Thirdly, the services provided by ecosystems within rural spaces are in the balance. In a modern economy, the rural reaches into the urban by bringing electricity, fresh water, agriculture harvests, and taking away waste. The tropical forests in rural areas offer ecosystem services such as flood control, soil maintenance and COfixation for millions of people in cities. Yet, forested areas were encroached and ultimately cleared by logging and the global expansion of agribusinesses since the colonial era. As a result, the Millennium Ecosystem Assessment report states approximately 60 percent of the global ecosystem services were degraded or used unsustainably in the last decades.

Meanwhile, swelling cities have led to the decline of land for food production. The urban sprawl in Southeast Asian peri-urban plots has gradually erased paddy fields and turned them into suburbs with housing or industrial estates. This poses a conundrum: what will food security be like – in 10, 30, or 50 years?

One oft-cited grand strategy from the past is to revitalize the rural areas by boosting agricultural productivity, improving multi-level governance and supporting economic diversification. As important as they may be, these prescriptions were proven to not be a simple fix for the rural landscapes. The results were patchy as the problem lies in their implementation.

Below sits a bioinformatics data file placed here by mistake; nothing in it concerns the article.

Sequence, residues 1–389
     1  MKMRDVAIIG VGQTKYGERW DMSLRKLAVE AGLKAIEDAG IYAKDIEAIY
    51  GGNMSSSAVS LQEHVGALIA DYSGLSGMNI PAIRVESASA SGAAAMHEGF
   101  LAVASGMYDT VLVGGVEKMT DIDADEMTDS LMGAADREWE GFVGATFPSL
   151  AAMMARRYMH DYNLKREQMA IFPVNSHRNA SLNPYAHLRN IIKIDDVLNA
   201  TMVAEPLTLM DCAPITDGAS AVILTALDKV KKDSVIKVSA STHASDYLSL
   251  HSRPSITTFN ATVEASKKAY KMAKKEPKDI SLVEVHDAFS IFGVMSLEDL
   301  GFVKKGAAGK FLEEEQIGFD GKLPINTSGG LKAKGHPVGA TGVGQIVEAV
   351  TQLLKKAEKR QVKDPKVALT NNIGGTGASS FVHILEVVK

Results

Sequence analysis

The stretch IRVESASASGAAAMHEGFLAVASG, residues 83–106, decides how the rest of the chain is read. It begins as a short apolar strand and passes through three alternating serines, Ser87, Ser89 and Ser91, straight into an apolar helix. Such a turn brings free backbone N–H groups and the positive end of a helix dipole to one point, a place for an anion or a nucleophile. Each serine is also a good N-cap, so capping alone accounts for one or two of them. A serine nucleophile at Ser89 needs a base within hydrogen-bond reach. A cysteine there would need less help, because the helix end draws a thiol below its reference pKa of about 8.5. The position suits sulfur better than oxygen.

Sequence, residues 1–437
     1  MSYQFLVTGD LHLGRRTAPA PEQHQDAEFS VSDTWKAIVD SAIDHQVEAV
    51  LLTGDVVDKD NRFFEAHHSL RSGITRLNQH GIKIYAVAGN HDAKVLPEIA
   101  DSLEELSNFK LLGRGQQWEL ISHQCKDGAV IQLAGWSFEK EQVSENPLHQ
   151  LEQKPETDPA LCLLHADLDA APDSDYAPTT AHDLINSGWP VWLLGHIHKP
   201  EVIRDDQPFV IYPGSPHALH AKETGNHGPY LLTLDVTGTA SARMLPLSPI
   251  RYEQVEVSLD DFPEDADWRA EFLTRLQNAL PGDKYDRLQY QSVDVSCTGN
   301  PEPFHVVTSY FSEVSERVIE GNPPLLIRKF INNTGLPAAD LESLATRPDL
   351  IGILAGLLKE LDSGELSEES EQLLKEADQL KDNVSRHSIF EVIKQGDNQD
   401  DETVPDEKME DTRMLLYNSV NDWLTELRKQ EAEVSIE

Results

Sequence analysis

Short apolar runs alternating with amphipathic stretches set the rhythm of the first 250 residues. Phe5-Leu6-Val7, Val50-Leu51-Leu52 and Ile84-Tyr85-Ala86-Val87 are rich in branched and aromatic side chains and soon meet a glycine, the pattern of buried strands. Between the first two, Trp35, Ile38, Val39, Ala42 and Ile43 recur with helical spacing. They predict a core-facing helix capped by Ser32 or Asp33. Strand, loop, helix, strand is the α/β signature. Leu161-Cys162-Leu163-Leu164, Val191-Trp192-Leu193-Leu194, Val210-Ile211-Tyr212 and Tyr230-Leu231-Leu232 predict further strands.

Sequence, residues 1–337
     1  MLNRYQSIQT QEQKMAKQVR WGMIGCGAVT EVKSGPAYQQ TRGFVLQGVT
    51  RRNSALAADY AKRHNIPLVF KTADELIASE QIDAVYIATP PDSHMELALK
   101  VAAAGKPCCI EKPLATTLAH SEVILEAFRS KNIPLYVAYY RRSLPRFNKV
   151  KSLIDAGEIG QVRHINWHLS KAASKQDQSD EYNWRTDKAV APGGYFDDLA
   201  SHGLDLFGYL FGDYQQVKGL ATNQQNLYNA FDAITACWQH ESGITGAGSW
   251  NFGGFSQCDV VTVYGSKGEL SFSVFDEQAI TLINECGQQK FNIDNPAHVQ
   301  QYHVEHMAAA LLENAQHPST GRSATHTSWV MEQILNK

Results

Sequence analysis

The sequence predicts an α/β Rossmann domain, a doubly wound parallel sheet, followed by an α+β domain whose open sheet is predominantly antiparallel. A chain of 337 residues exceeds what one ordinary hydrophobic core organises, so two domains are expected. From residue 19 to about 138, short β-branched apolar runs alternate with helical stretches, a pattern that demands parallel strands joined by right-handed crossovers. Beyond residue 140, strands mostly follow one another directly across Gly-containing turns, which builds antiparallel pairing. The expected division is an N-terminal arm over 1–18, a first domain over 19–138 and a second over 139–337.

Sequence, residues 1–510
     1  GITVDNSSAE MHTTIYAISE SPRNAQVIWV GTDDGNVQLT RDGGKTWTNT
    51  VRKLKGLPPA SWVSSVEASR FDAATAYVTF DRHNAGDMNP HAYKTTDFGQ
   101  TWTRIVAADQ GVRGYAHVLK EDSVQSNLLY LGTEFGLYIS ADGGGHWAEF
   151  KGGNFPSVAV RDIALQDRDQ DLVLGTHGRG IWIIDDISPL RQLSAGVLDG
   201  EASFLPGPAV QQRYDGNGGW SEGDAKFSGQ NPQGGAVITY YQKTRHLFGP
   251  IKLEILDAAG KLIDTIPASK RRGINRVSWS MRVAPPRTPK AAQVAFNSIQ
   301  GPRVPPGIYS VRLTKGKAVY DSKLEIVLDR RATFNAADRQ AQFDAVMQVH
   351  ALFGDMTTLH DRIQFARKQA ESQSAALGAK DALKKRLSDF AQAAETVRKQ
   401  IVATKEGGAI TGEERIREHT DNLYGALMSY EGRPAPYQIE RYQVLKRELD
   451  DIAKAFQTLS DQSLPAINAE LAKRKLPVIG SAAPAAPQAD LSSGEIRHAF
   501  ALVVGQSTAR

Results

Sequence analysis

Eyes are on China in how it plans to carry out its rural renewal in a scientific manner. In July 2018, Chinese President Xi Jinping launched the 5-year Plan for Rural Vitalization Strategy. The plan embraces the idea that rural development needs to go beyond cropping and cattle rearing per se. Instead, it emphasizes talent support for rural vitalization and promotes diversification of investment sources to build industrial systems in remote areas. The Zhejiang Province, for instance, runs an ambitious programme to leverage on frontier technologies in reviving 100 ‘featured or characteristic towns’ across its rural interior. The government aims to draw city residents to rural areas with help from techno-enterprises such as Alibaba. One highlight is the small town of Yunxi, a former rural backwater which is now home to over 180 cloud-computing enterprises.

Just as people have gravitated towards the bright light of cities, a growing number of city-born people are migrating to rural areas in search of peaceful living or to earn money from the land. The town of Ayabe located between Kyoto and Maizuru cities in Japan benefited greatly with a significant influx of ‘I-turn’ migrants added to its dwindling and ageing population. Similarly, ‘beginning farmers’ in the north-eastern United States left their desk-jobs to pursue new forms of agriculture-linked lifestyles outside of the city.

Whether the efforts are government-led, innovation-oriented, or bottom-up, a city’s fate is intimately tied to rural areas. That one cannot exist at the expense of the other is by now a veritable reality.

The views expressed by the writer here are solely his and do not reflect that of NNN or the Malaysian National News Agency (BERNAMA)